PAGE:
YMCA programs are in place, plans are in place;

June 21, 2013

now, all that’s needed is a new building

As the Village People once mused, “No man does it all by himself.”
And it will take the community to complete the vision of the Wells County YMCA for a new, multimillion dollar facility, which will continue the Y’s mission of addressing the well-being of the whole person.
“Physical fitness is definitely an element of what we do, but we focus on other areas of wellness as well,” said Executive Director Nikki Surbaugh.
The Y also focuses on social, emotional and spiritual components, she said.
But while the organization is preparing for a new building, it has introduced a variety of new programs this year for a whole gamut of ages.
Two programs were already held in April: the outdoor boot camp and Dream Team Art. The camp offered workout sessions in the form of an obstacle course, while the art program was held in conjunction with the Creative Arts Council for children with significant health impairments or physical, mental or emotional disabilities. During the program, they created their own works of art.
Silver Sneakers is a program for the YMCA’s older users.
“It’s a wonderful program because they receive a free membership and it’s completely paid for by their insurance,” Surbaugh said. “Depending on what carrier they have, it makes them eligible.”
AHA! Kid Camp is held two weeks in June for ages 7-12. Kids spend the day between the Creative Arts Council and the YMCA participating in a variety of activities with both.
Also this summer is the Corporate Challenge. It “encourages local companies to form teams and participate in a series of active events that encourage friendly competition,” according to YMCA materials.
Parents’ Night Out has a remaining Friday in July for children to come to the Y for dinner, crafts, games and more while parents have a night out.
Also in July, the summer day camp has two differently themed weeks. One is a holiday theme; the other is a water theme.
Two new programs that are ongoing include the Wellness Punch Pass, which allows people to participate in 10 classes for $50 without a membership and personal and group training sessions.
And with a new facility, the opportunities will increase.
The $7 million, 39,500-square-foot facility will be located on 32 acres west of Main Street off Dustman Road. The current facility on North Main Street, in which the Y has operated since 2009, is owned by Bluffton Regional Medical Center.
Of the funds raised for the new facility, the YMCA received a $3 million pledge from the Caylor-Nickel Foundation.
Roughly $1 million in funding remains to be raised.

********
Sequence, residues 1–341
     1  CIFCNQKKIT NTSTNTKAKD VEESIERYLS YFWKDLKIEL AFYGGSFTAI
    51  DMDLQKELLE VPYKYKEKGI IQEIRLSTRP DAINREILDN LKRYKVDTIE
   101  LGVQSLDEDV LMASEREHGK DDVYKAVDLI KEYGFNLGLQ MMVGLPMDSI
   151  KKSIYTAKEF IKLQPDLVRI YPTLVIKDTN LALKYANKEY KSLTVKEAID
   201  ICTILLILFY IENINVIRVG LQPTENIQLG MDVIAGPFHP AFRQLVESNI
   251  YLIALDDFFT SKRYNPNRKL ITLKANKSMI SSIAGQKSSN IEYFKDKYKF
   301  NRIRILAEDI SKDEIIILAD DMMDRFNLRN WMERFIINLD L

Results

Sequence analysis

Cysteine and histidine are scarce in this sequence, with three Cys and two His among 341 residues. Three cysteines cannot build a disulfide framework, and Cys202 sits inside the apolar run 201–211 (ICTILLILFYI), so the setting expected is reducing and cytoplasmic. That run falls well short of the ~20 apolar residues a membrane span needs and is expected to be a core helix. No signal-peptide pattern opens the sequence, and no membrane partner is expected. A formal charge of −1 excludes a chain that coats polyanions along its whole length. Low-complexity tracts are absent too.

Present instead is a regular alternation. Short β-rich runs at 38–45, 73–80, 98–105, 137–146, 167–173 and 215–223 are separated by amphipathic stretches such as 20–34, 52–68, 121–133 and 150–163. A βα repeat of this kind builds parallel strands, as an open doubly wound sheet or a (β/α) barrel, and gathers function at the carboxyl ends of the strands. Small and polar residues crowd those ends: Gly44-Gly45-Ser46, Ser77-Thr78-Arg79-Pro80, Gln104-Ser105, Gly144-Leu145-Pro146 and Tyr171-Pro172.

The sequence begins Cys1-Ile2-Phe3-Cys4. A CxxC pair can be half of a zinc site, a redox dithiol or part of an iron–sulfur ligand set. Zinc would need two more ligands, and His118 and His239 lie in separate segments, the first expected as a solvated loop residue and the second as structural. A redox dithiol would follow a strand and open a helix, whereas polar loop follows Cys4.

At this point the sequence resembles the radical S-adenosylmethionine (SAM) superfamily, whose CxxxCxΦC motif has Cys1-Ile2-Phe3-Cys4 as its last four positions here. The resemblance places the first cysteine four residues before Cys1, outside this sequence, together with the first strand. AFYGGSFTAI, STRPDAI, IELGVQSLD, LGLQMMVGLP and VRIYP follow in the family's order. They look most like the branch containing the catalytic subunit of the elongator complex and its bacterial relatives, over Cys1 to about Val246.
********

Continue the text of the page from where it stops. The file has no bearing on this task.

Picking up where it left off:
“We have enough to build a beautiful YMCA,” Surbaugh said. “The portion that’s in question is really the gymnasium.”
She said they will start building what they can and see if they get the rest of the funding in the future. Investors and those wishing to donate for the facility have through the end of September to do so.
According to projected plans, the new facility should include a Child Watch room with an indoor play gym and full-day childcare, a Wellness Center with strength and cardio equipment, aerobics and cycling studios, a youth game room, multipurpose areas, and a family-friendly aquatic center with zero-depth entry, a slide and sauna.
The new facility will also be a great asset for industries looking to expand in or relocate to Bluffton, said Economic Development Executive Director Tim Ehlerding.
“Quality of life is very important in economic development,” he said, adding that a community shows well when it offers a variety of offerings, including a focus on fitness.
“The community has been really supportive,” Surbaugh added. “I would love to see us reach our final goal to complete our vision for a full YMCA. To do that, it does take the community to raise that (money).
“And I never want to take for granted what we raised, and I think it’s been wonderful and we’ve been so blessed to raise this much.”
Groundbreaking is tentatively scheduled for September or October with the target date of October 2014 to open the new facility.
“I personally just think it’s something that Wells County needs, and to have a gathering place where people of all ages can come and participate in activities is so valuable,” Surbaugh said. “I think it will raise the standard of living in Wells County.” υ

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